The approaching of the holiday excited every bone in my body. I honestly can't tell you how stressful I find school so a holiday was highly needed, yet at the same time 'a holiday full of revision' wasn't exactly what I was intending. Urgh great...
When it comes to revision if you don't have motivation then it's just not going to work. I have to confess (even me being a massive proud nerd) that I seriously lacked the urge to begin. I mean, personally I feel that should be 100% understandable: I'd just completed a 7 week term filled with controlled assessments and coursework deadlines. Surely I deserved a break? I gave myself until Monday and then I forced myself to start. And guess what it worked!
It's like desiring a full set of toned abs. If you don't set a target and plan exactly how you're going to get there then guess what: you won't get there. With you I'm going to share some of the revision tips which have helped me in order to do my best so far...
>•Invest in a revision guide•<
They cost like £3 to £5 and are totally worth every single penny! My favourites are 'York Notes' and the 'CGP' make. I particularly enjoy these as they contain a condensed version of the relevant information that you must know.
Let me start by telling you something more important than the revision itself. If you don't plan what you’re going to revise on which day then how are you going to know the direction in which you are striving for. Getting organised is so easy. All you need to do is sit down with a cup of tea, a note book, and a pen. On that first piece of paper write all the mini topics you need to revise for each exam. Then write out the days of the week and plan which topics you plan to revise each day. Easy peasy!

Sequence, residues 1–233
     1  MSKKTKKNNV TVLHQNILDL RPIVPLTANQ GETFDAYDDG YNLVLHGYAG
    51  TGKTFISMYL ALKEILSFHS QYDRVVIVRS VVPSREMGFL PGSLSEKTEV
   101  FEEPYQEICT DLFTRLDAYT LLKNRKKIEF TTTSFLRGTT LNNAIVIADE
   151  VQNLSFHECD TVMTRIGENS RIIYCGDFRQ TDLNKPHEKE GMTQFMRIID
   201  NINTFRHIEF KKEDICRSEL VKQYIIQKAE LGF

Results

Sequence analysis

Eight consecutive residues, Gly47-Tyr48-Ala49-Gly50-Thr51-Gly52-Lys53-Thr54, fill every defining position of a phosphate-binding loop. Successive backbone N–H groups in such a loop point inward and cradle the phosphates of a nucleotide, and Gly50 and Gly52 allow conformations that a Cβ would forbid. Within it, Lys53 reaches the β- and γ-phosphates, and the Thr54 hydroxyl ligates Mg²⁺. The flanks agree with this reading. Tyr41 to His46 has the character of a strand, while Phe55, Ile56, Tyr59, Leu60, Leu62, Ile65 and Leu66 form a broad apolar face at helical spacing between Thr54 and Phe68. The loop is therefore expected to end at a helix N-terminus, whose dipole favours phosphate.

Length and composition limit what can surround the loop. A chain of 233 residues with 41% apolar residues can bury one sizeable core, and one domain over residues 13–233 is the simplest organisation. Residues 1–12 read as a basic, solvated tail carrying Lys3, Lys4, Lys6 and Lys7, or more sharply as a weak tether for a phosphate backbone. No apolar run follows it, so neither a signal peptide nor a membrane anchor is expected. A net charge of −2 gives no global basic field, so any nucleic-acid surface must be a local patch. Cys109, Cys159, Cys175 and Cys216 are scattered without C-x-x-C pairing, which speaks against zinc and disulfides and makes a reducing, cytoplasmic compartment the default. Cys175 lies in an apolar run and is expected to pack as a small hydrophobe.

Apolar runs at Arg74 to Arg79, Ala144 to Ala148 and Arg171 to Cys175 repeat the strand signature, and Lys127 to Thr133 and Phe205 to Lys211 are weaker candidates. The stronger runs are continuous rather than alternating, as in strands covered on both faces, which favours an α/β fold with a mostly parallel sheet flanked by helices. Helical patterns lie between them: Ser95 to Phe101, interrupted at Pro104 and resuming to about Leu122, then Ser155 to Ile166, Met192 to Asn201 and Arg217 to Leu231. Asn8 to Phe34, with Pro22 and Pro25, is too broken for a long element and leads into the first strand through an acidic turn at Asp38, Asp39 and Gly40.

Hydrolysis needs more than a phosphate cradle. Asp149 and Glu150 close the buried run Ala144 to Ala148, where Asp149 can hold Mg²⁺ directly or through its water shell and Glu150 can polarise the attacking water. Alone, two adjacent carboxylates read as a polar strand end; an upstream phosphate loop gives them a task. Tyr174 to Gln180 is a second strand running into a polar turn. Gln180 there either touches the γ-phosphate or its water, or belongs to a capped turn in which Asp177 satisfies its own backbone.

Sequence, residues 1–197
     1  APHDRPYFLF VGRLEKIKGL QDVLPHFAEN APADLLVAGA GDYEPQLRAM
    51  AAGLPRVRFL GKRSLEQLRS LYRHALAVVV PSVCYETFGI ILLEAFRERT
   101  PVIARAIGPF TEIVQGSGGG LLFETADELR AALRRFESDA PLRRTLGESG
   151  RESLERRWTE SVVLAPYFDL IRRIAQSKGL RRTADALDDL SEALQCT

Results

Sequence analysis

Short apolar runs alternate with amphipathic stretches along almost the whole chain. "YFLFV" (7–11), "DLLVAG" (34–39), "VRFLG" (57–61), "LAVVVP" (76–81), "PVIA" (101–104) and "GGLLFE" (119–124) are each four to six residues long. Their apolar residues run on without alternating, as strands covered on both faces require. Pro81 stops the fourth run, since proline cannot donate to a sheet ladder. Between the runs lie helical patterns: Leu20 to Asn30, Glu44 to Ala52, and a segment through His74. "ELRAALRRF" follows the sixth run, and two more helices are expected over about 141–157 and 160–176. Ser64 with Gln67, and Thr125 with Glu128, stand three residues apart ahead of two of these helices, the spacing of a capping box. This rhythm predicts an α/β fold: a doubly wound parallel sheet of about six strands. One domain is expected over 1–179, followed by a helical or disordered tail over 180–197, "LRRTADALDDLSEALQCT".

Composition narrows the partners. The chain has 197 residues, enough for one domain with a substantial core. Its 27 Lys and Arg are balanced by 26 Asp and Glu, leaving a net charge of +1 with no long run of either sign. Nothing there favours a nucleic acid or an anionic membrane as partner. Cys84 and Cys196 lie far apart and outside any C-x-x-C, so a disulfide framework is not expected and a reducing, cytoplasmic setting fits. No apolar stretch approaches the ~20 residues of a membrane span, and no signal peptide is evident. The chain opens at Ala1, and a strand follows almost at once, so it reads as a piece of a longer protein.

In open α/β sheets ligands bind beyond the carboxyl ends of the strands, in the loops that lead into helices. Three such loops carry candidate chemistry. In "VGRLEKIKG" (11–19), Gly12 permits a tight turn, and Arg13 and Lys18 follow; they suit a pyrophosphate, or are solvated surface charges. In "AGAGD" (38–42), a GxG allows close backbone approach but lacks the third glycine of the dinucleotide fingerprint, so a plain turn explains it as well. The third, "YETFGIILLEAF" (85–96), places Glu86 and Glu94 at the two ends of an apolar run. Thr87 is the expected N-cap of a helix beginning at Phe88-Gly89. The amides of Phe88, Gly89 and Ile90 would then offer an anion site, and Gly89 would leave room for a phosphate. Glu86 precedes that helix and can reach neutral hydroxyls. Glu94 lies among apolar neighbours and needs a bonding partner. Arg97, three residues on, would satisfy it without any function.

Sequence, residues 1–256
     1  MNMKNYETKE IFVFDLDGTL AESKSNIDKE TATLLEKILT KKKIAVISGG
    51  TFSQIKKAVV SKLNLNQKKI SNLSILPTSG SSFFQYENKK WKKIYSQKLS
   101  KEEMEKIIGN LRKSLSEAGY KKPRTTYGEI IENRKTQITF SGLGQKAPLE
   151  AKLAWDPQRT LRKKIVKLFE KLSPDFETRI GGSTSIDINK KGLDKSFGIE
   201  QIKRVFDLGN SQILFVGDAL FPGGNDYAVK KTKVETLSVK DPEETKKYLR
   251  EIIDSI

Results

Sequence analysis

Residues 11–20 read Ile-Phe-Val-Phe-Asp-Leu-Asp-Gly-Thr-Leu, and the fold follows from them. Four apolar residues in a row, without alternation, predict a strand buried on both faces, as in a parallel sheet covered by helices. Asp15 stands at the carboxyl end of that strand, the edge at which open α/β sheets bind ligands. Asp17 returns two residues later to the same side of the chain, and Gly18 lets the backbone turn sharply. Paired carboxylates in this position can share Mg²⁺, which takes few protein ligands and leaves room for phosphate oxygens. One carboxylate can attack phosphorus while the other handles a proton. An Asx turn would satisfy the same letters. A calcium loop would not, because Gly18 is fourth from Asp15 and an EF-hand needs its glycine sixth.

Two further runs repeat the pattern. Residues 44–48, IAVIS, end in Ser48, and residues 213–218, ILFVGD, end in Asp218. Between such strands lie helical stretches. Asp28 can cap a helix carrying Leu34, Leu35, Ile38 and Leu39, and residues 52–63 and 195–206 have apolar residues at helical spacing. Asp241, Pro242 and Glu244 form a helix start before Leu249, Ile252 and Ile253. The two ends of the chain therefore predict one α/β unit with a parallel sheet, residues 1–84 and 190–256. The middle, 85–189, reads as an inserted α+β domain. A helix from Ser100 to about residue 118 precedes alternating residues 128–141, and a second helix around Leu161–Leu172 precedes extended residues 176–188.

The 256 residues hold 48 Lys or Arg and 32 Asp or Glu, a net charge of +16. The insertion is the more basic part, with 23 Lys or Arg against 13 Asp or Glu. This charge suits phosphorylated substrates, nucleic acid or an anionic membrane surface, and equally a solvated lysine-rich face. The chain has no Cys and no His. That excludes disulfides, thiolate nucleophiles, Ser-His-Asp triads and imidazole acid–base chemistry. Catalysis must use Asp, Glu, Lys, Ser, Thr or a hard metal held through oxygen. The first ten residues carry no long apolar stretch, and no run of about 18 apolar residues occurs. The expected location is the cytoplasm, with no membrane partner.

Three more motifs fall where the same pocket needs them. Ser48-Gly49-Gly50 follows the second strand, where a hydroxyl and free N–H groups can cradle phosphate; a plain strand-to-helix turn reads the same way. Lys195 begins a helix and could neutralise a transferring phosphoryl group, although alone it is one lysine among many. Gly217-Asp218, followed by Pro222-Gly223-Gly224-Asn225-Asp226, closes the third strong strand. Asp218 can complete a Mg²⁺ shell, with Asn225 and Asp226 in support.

Now you know what you’re doing when, shall we move on to the ways you can choose to revise? Yes, you heard me right: you get a choice. Awesome.
Revision is one thing. But knowing how to revise is a complete other. How completely scary it can be knowing you have to revise but not having a clue how to do so effectively. Fear not...
1) Write down revision notes. This is more than likely the most common way you hear of revising. This is something I do and it really helps me but just remember you don't have to write boring notes. Make them colourful and highlight important information; as long as your notes are eye catching then the easier it's going to be to learn from what you've written!
2) YouTube videos. This is particularly helpful for people who learn by listening. And it is an excellent way of embedding the difficult parts into your brain! The key to finding a useful YouTube video is searching. Just to warn you, be prepared to listen to some strange voices with extremely boring images!!!
3) Some of my friends like to type up their revision notes. It's a good way to impose the correct answers into your fingers!
4) Finally I recommend practicing exam style questions so you know what to expect when you get to the exam. You can find past exams on your exam boards website. This is particularly helpful for math tests as when it comes to maths practice makes perfect!